Communist Party of the Russian Federation

Communist Party of the Russian Federation
Communist Party of the Russian Federation
Коммунистическая партия Российской Федерации
Leader Gennady Zyuganov
Founded 14 February 1993
Headquarters Moscow, Russia
Ideology Communism
International affiliation Union of Communist Parties — Communist Party of the Soviet Union
Official colours Red
Seats in the State Duma
57 / 450
Seats in the Regional Parliaments
411 / 3,785
Politics of Russia
Political parties

The Communist Party of the Russian Federation (Russian: Коммунистическая партия Российской Федерации; КПРФ; Kommunisticheskaya Partiya Rossiyskoy Federatsii; KPRF) is a Russian political party. It is the second major political party in the Russian Federation.



The party was founded in February 1993 at a 'Second Extraordinary Congress', declaring itself as the successor to the Communist Party of the RSFSR.[1]

The CPRF is led by Gennady Zyuganov, who co-founded the party in early 1993 with senior former Soviet politicians Yegor Ligachev and Anatoly Lukyanov among others. Zyuganov had been a critic of Alexander Yakovlev, the "godfather of glasnost", on the CPSU Central Committee, and after the collapse of the Soviet Union in 1991 he became active in the Russian "national-patriotic" movement,[2][3] being the chairman of the National Salvation Front (some authors call him a nationalist[4]). Early external collaborators included Eurasianist philosopher Aleksandr Dugin who helped to draft earlier party documents and pushed the party in the direction of nationalism.

A new umbrella movement was formed on the initiative of the CPRF on August 7, 1996. It was called People's Patriotic Union of Russia (NPSR) and consisted of more than 30 left-wing and right-wing nationalist organizations, such as the Russian All-People's Union led by Sergey Baburin. Gennady Zyuganov was its chairman. He was supported by the party as a candidate for Russia's presidency during the 1996 presidential elections and 2000 presidential elections. During the presidential elections of 1996, the CPRF was supported by prominent intellectual Aleksandr Zinovyev (a former Soviet dissident who became a supporter of communism at the time of Perestroika). Another prominent supporter of the CPRF is the physicist Zhores Alferov, who received the Nobel Prize for Physics in 2000.

Zyuganov called the 2003 elections a 'revolting spectacle' and accuses the Kremlin of setting up a "Potemkin party," Rodina, to steal its votes.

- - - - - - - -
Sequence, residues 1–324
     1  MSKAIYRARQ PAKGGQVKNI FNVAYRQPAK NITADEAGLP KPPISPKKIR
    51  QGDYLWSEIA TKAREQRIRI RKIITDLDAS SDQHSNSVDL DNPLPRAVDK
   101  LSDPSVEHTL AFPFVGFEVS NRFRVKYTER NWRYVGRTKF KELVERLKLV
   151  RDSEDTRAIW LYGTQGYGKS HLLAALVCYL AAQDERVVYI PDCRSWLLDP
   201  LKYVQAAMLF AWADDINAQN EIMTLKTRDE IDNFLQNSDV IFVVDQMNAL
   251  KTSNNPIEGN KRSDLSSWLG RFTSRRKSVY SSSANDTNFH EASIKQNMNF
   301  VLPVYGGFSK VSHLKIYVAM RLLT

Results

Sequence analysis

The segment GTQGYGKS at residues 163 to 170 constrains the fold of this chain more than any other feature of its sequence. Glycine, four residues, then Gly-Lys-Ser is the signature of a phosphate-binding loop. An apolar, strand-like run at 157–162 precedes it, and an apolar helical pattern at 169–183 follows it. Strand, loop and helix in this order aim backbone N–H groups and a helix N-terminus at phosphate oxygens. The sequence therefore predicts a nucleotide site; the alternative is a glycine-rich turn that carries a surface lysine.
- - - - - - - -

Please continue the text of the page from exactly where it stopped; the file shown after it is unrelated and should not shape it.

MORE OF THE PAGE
CPRF's former members include many popular politicians, who seceded after their ambitions on party leading collided with Zyuganov's, who held the stronger support. Gennady Seleznev in 2001, Sergey Glazyev in 2003 and Gennady Semigin in 2004 were the most notable "dissenters". Commentators characterize the dominating Zyuganov wing as nationalist[5] or 'popular-patriotic' (which is often used by the party militants themselves), rather than orthodox Marxist-Leninist. Some observers consider only Richard Kosolapov's minority faction of the CPRF as ideologically communist per se.[6]

A minority faction criticised the decision to candidate "millionaires" (such as Sergei Sobko, general director and owner of the TEKHOS company) in the CPRF's lists, which was seen as a contradiction to the Marxist-Leninist and anti-oligarchic policies of the Party.

In July 2004 a breakaway faction elected Vladimir Tikhonov as its leader. The faction later formed the All-Russia Communist Party of the Future. The operation wasn't successful and recently Tikhonov's party has suspended active operations, seeking rapprochement with Zyuganov's side.

CPRF was endorsed by Sergey Baburin's People's Union for the 2007 Russian parliamentary elections.[7]

The Russian Federal Registration Service says that 164,546 voters have registered with the government as members of the CPRF.[8]


The official ideology of the party is Communism, Marxism-Leninism and patriotism. The party has emphasized its uniquely Russian character and it has consistently invoked Russian patriotism and nationalism in addition to the official Marxism-Leninism of the CPSU.[9] Unlike the CPSU after 1956, the CPRF celebrates the rule of Joseph Stalin.[10] On the occasion of Stalin's birthday on 21 December 2010, Zyuganov called for the "re-Stalinisation" of Russian society in an open letter to President Dmitry Medvedev.[11]